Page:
Editor’s note: Fitch’s recent U.S. debt downgrade could lead to declines in riskier assets (including stocks). But you don’t want to react with emotion and sell out of fear. It’s important to have a plan. With that in mind, we’re revisiting a timeless lesson that’s critical in the current market: how to know when it’s time to sell an asset.
Years ago, Daniel Kahneman, the Nobel Prize-winning behavioral economist, conducted an experiment on his students…
The terms of the experiment were simple: A student would flip a coin. If it landed tails-up, the student would lose $10.
Kahneman then asked his students how much they’d need to win on a heads-up flip to make up for the risk. The typical answer was over $20—more than twice the amount they risked losing.
In other words, only a promise of a much larger reward could overcome the fear of losing money.
This concept—called loss aversion—is familiar to most investors.
Kahneman (a leading authority in loss aversion and behavioral economics) estimates our hatred of losing is twice as powerful as our love of winning.
At its worst, the fear of losing money can serve as a powerful motivator to not invest in the stock market.
We’re also most reluctant to buy when the market is falling (and our fear of losing is strongest). This sentiment tends to change when the market rallies… pulling more investors from the sidelines. And this tendency to “chase performance” is a major reason that markets often overshoot—both on the downside and the upside.
The fear of losing can also overwhelm our logic when deciding whether to close a losing position.
That’s why it’s so important to have a set of rules to help keep you from making fear-based decisions.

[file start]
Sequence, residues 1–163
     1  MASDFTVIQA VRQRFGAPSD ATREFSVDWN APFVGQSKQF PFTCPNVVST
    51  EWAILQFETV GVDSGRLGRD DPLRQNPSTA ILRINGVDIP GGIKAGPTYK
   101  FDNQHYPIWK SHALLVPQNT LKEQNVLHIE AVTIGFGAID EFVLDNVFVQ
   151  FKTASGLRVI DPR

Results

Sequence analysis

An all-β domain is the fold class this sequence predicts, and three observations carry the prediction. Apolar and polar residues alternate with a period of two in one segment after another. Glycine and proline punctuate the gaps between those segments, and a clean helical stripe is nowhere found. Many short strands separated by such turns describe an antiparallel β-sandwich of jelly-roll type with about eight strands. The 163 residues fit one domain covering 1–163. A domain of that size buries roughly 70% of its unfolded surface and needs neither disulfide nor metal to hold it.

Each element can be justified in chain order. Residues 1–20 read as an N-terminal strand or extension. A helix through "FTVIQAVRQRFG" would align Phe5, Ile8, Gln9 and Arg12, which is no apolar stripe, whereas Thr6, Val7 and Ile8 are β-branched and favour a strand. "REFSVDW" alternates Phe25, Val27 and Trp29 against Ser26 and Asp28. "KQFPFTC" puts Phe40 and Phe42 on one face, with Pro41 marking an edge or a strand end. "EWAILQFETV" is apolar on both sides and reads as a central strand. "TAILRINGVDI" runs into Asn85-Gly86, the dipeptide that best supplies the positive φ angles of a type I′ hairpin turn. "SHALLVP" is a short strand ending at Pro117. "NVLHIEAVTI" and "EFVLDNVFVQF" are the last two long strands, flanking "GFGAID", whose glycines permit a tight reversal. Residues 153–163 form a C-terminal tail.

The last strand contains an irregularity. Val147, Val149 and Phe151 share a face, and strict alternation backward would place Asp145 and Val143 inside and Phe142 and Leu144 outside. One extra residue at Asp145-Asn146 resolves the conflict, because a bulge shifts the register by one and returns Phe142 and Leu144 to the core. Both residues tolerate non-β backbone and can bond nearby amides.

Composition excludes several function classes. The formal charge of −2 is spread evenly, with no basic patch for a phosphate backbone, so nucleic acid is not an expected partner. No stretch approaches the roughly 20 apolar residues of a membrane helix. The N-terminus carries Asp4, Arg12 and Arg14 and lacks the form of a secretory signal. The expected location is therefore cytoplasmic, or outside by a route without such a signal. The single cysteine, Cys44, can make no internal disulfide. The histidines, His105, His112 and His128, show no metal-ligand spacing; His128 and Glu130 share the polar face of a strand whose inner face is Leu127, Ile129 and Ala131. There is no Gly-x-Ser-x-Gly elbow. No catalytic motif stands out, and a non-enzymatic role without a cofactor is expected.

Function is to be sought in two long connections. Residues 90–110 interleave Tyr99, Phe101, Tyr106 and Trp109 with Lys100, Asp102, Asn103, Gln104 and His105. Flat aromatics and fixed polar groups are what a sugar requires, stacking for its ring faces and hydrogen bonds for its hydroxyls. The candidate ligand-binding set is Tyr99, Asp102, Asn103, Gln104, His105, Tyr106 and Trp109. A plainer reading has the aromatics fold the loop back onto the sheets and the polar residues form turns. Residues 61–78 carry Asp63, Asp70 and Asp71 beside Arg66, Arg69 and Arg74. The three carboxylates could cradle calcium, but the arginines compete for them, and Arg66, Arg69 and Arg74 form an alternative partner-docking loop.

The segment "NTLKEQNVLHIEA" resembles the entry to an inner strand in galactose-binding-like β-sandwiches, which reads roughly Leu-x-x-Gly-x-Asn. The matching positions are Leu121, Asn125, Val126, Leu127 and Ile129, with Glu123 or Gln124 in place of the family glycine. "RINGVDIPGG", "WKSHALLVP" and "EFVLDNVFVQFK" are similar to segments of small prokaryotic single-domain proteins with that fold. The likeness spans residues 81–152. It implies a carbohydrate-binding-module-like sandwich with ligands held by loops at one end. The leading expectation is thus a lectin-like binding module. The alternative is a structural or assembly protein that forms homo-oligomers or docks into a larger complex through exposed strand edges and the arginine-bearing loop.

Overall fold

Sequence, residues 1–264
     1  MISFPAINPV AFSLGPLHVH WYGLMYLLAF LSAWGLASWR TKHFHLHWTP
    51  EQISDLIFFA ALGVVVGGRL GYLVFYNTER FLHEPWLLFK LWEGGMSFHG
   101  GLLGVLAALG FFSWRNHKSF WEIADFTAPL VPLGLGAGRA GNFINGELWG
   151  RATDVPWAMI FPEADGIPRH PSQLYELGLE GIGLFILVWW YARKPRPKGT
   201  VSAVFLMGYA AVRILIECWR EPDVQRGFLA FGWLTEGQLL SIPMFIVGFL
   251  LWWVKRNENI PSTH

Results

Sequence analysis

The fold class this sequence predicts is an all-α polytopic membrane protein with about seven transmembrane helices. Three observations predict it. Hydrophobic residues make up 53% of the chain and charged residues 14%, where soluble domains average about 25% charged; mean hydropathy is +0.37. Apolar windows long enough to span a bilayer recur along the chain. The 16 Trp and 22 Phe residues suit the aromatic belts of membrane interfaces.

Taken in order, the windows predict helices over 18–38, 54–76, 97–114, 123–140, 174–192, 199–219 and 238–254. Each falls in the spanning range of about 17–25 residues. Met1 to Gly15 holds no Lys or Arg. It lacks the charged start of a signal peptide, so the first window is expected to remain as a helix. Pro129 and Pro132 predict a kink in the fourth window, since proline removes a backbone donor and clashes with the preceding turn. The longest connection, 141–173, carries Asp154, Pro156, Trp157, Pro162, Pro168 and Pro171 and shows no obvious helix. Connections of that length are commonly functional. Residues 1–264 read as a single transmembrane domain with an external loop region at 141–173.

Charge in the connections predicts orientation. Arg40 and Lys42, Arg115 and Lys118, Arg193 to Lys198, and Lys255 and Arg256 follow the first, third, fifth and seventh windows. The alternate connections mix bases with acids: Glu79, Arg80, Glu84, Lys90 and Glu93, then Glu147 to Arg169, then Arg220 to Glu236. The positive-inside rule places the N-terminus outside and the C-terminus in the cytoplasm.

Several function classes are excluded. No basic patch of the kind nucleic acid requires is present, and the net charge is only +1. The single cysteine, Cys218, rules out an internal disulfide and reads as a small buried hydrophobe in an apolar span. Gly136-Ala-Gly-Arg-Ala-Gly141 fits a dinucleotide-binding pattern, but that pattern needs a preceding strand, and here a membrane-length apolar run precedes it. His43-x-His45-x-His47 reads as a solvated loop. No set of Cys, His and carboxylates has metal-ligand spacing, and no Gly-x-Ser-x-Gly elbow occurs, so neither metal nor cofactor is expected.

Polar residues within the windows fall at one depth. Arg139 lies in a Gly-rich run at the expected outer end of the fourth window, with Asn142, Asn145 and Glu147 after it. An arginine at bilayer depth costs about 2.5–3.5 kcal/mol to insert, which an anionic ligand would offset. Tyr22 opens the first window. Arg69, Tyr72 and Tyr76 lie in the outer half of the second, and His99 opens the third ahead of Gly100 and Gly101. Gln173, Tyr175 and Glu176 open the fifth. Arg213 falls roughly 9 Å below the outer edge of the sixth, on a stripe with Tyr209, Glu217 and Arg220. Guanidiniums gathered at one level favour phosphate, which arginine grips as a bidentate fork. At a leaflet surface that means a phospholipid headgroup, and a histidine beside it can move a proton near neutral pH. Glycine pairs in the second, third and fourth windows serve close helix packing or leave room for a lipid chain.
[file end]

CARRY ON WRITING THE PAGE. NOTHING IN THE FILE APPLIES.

Here are some guidelines for knowing when it’s time to sell a stock…
Rule No. 1: Know your investment
When fear sets in, you should remember why you invested in a stock (or sector) in the first place.
Do your homework and keep up with your research.
There’s really no substitute for this step. If you’re an investor (as opposed to a trader), you can’t rely on technical analysis for your decision making.
If you understand why you’re in a particular stock, it will be easier to determine when (or if) to sell it (whether for a profit or a loss).
Also, always keep the big picture in mind…
Compare the stock’s valuation and price action with its sector peers, as well as the overall market. No stock exists in a vacuum, and nothing is immune to prevailing market conditions.
If a stock outperforms its competitors, the market is telling you it has a better story for current market conditions. Typically, this translates to a stronger investment case…
For instance, let’s take a look at oil service companies, represented on the chart below by the VanEck Oil Services ETF (OIH)…
Over the past two years, OIH outperformed the rest of the energy sector, represented by the Energy Select Sector ETF (XLE) as oil prices recovered from the pandemic.
OIH did especially well vs. XLE when oil prices (represented by USO—the blue line on the chart) rallied. For example, over the past two months, USO rose 10%… XLE jumped 16%… and OIH surged 24%.
This outperformance tells us oil service stocks benefit when oil prices are rising… and confirms the thesis for owning OIH.
But if your investment suddenly sells off… or begins to underperform its peers… then it’s time to consult rule No. 2…
Rule No. 2: Watch out for changes in the story
The best single rule for selling a stock—whether for a gain or a loss—is to exit when the underlying story changes.
This rule works in conjunction with the first rule.
If big news hits and sends a stock higher, you should be able to tell whether you expect even more… or if the time has come to take the gain off the table.